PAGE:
Laquan McDonald Police Conspiracy Case Enters Final Stretch - NBC Chicago

High-profile trial for Chicago officer who shot Laquan McDonald

Laquan McDonald Police Conspiracy Case Enters Final Stretch

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    NEWSLETTERS

    Conflicting Stories in Laquan McDonald Police Conspiracy Case

    NBC 5 investigates the alleged cop cover-up trial. Three officers are accused of lying about the night Jason Van Dyke killed Laquan McDonald. Phil Rogers reports.

    (Published Monday, Dec. 3, 2018)

    Over a dozen shots were fired on the night LaQuan McDonald died in the middle of Pulaski Avenue in October of 2014. The ensuing controversy led to the ouster of the police superintendent, and in the eyes of many analysts contributed to mayor Rahm Emanuel’s decision not to seek re-election.

    But the conspiracy and corruption case being heard against three officers involved in that incident deals with paperwork, not bullets.

    Tuesday afternoon, Judge Domenica Stephenson is expected to rule on a state motion to accept a series of departmental emails which they say bolsters their case that the defendant officers manufactured a narrative exaggerating the threat McDonald posed that night. The alleged motive---to justify officer Jason Van Dyke’s actions when he shot McDonald sixteen times.

    But the heart of the state’s case is a series of reports---most of them filed within the first days after the controversial shooting. It’s likely they would have been accepted, filed away, and forgotten, had it not been for the infamous dashcam video, which prosecutors say contradicts many statements presented as facts in those documents.

    Defense attorneys argue the three officers stand to lose their freedom over a few disputed words. It will be up to the judge to decide whether the discrepancies amount to early confusion, or a conspiracy by the three to distort the truth.

    The first documents noted by the state were prepared by the defendant officers within the first few hours of the shooting. Detective David March quoted Van Dyke in one of those reports, saying that McDonald had been swinging his knife in an “agreessive, exaggerated manner,” as he walked down Pulaski.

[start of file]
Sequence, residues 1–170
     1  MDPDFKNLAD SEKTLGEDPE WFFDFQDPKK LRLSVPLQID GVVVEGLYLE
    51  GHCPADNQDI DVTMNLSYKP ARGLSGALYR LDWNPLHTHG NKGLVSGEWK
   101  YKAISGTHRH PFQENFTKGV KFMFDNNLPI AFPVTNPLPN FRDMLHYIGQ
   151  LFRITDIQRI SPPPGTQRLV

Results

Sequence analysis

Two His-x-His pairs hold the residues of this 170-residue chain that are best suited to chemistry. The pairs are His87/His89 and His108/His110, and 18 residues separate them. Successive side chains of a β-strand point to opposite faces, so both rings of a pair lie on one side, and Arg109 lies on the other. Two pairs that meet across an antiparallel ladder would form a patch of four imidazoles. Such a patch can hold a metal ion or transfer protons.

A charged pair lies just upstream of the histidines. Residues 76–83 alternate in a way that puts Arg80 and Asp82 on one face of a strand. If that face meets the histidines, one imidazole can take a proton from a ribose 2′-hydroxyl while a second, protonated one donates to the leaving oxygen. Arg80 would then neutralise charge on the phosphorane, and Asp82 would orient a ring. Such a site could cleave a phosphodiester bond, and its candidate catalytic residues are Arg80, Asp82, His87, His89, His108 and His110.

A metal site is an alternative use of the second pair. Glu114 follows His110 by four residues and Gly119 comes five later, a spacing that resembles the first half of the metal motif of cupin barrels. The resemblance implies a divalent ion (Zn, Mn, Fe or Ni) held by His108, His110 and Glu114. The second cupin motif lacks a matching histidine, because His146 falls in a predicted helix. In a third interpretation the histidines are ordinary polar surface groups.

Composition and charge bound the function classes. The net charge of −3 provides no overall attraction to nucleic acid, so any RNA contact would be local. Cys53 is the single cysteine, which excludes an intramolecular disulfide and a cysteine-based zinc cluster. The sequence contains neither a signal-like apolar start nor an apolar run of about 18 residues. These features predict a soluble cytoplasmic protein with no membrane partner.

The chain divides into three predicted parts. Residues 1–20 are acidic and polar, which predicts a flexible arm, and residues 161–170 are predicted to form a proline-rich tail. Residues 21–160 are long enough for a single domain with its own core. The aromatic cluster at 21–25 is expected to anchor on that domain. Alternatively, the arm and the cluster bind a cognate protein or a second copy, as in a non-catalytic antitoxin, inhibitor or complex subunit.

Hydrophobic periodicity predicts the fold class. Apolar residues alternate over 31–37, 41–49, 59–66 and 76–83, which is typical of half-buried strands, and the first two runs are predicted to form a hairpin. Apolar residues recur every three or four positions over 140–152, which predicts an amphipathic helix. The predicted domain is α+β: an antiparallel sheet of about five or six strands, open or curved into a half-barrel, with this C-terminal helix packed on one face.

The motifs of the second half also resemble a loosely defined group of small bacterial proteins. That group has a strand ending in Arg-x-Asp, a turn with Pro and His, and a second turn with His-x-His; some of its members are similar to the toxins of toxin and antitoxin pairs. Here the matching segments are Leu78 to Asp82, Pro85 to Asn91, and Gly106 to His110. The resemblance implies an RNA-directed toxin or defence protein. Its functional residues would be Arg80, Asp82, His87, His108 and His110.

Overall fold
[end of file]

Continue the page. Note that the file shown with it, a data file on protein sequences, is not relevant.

“When (McDonald) within 10-15 ft, looked at VD (Van Dyke), raised knife across chest, over shoulder, pointed knife at VD.”

    The dashcam video did not bear that out.

    “VD believed (McDonald) was attacking with knife trying to kill VD,” the report continued. “In defense of his life, VD backpedaled and fired.”

    The report stated that after falling to the ground, despite his wounds, McDonald “appeared to be attempting to get up, still holding knife, pointing at VD.”

    That same version found its way into March’s typewritten report, which said those facts, and others were substantiated by the dashcam video.

    “That statement was false,” prosecutor Brian Watson told the judge Thursday. Indeed, the video seems to contradict a number of suggestions made in the reports.

    For example, Van Dyke and two of the current defendants, Joseph Walsh and Thomas Gaffney, checked boxes on their own reports, that McDonald posed an “imminent threat of battery”, was attacking with a weapon, and potentially using force “likely to cause death or great bodily harm.”

    “All of them marked false information,” Watson said. “All of them marked consistently false information.”

    March quoted another officer, Dora Fontaine, as saying McDonald raised his arm toward Van Dyke “as if attacking Van Dyke.”

    Fontaine testified in court that’s not what she saw, and not what she told March that night.

    It had become a consistent narrative. March told the state police “The offender LaQuan McDonald assaulted the three victim Chicago Police Officers with a knife.” At the conclusion of March’s 23 page CPD report, a supervisor concluded that McDonald was “an active assailant who while armed with a dangerous weapon, used force that was likely to cause death or serious injury.”

    The defense in the case could begin as early as Tuesday afternoon. Much will center on what evidence the state has been able to prove, of any meeting or agreement to hatch a common story.

    “It is the most important element for a conspiracy,” defense attorney James McKay cautioned Thursday. “There is no evidence whatsoever that there was ever an agreement at any time that night.”

    The three officers face charges of official misconduct, conspiracy, and obstruction of justice.

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